Tracy Brabin, a Batley-born former Coronation Street actress who became Cox’s successor as the local MP, argues that Onward’s rugby league towns analysis was an easy way “for southern thinktanks to patronise us in the north – they don’t understand my community and I won’t be told by southerners what my community is”.

The area’s problems centre on dismal transport links and the fact that “our communities have been absolutely under siege because of 10 years of austerity,” says Brabin, who is backing Sir Keir Starmer for the Labour leadership. Yet she also recalls conversations with people from working families “stood in the foodbank talking to me and [saying], ‘I’m going to vote Tory for change’.”

Have the policies of previous Conservative governments – deindustrialisation and austerity – been huge factors in the economic struggles of the rugby league towns?

Will Tanner, Onward director, co-author of its pre-election report and a former adviser to Theresa May in No 10, rejects this. “Governments of all stripes have pursued deindustrialisation since the 1980s,” he says. Tanner argues that the current political mood is a turn against “economic liberalism, not conservatism”, and the way such policies have “benefitted some places much more than others”.

He thinks that rugby league’s anti-establishment heritage was “relevant” to Tory election success. The Conservatives’ election slogan “was anti-establishment – getting Brexit done against the odds, in spite of a broken Parliament… It is hardly surprising that message resonated in rugby league towns,” he adds.

The uncertain future of rugby league as a sport also reflects the nation’s politics: the game is financially constrained because its base is in deindustrialised and deprived towns. It wants to expand into new markets in North America, yet preserving the traditional identity that has sustained it for 125 years is a challenge in itself.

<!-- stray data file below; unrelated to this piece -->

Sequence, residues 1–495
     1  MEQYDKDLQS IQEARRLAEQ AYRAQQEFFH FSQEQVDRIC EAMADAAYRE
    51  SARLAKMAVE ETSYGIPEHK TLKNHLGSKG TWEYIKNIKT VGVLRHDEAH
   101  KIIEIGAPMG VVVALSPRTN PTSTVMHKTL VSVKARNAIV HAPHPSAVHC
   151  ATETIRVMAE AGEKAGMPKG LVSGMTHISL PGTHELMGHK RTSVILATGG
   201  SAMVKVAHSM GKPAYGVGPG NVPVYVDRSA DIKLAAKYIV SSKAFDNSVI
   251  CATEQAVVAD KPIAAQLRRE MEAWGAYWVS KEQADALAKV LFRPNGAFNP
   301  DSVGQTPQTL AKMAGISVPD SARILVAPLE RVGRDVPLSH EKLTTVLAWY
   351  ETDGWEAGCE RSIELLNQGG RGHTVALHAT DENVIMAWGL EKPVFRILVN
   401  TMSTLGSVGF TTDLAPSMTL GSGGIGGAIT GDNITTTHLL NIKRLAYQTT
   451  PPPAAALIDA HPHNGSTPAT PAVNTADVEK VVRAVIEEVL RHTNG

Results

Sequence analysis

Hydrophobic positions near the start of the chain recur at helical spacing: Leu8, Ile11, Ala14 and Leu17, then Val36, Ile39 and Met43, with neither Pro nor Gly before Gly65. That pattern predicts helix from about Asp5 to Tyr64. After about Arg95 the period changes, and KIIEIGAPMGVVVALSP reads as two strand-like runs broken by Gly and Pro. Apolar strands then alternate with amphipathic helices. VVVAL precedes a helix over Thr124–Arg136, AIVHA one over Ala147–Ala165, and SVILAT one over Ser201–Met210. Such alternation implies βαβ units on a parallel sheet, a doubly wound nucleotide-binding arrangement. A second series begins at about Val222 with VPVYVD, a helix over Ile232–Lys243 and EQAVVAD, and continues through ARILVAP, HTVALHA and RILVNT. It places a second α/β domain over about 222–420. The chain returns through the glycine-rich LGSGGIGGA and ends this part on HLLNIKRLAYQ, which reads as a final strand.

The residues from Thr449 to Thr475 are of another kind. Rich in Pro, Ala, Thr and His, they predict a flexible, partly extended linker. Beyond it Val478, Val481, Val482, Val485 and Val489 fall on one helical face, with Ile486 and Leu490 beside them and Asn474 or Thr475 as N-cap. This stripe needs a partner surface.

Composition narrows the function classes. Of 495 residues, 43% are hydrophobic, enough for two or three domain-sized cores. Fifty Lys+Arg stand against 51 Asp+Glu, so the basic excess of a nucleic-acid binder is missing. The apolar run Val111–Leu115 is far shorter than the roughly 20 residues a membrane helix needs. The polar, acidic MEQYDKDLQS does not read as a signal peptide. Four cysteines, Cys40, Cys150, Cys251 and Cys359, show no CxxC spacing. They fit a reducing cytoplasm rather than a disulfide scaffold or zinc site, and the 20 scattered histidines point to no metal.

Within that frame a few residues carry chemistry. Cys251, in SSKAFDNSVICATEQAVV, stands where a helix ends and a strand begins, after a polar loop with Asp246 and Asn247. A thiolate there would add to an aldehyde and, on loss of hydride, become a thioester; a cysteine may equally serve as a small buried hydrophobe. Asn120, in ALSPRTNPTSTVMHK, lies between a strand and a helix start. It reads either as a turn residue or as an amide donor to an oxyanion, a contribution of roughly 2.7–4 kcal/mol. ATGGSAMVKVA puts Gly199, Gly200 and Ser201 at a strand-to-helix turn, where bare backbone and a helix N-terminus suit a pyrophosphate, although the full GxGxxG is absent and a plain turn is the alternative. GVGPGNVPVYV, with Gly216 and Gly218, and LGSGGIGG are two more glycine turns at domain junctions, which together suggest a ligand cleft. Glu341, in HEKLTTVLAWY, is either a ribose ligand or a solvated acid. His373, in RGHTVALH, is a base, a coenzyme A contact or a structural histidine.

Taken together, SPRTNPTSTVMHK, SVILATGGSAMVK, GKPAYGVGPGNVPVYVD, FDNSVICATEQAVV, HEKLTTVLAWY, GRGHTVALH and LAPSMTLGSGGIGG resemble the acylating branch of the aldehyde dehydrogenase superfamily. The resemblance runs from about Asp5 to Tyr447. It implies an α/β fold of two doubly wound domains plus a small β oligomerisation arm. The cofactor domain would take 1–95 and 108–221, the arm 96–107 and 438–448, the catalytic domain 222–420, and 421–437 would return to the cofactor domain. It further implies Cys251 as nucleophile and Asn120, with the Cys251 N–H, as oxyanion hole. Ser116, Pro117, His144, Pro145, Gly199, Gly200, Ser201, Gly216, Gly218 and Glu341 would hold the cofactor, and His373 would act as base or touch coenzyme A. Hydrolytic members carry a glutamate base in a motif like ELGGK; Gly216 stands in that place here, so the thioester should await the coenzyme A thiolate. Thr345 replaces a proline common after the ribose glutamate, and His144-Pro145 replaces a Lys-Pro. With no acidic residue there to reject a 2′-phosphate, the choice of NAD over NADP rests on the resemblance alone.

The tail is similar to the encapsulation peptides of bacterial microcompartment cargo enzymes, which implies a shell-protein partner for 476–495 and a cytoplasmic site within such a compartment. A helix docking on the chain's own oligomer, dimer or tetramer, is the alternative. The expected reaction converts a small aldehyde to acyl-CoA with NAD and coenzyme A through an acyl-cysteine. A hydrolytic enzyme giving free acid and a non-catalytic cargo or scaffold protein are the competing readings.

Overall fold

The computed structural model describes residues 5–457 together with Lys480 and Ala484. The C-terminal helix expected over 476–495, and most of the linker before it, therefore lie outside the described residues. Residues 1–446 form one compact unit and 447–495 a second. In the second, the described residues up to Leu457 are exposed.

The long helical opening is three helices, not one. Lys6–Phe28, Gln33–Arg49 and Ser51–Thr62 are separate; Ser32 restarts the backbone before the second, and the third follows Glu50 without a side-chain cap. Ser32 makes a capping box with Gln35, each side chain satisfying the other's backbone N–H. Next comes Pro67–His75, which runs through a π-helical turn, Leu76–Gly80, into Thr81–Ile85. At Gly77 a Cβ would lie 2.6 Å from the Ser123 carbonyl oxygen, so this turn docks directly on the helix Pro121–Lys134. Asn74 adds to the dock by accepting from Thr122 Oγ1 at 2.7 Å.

Brabin, who wants to “amplify the brilliance of league” in her new role as shadow secretary of state for digital, culture, media and sport, points out that life in towns can bring “a sense of pride in your community, a sense of identity” as well as challenges.

Next to Batley’s empty market square, Virr praises Batley Bulldogs for their work getting women and girls playing rugby league and seeking to bring the town’s large Asian community into the sport. But she worries that “the age profile is going up” among Batley supporters and that “the game we love is not what other people want these days”.

Rugby league is sometimes caricatured as old-fashioned. But in terms of what it reveals about the impacts of deindustrialisation, globalisation, austerity and regional inequality on our national life, it is England’s most modern sport.

Batley and Spen: facts and figures

The House of Commons library ranked the 533 English constituencies for their deprivation last year. Batley and Spen was the fourth biggest mover in the wrong direction since 2015.

Only small remnants of the traditional cloth-making industry remain.

But still 19 per cent of employees work in manufacturing against a national average of eight per cent, according to Office for National Statistics figures.

The proportion of employees in retail jobs (21 per cent) is above the national average (15 per cent).

Just 23 per cent of employees have a degree-level qualification or above, below the national average of 39 per cent.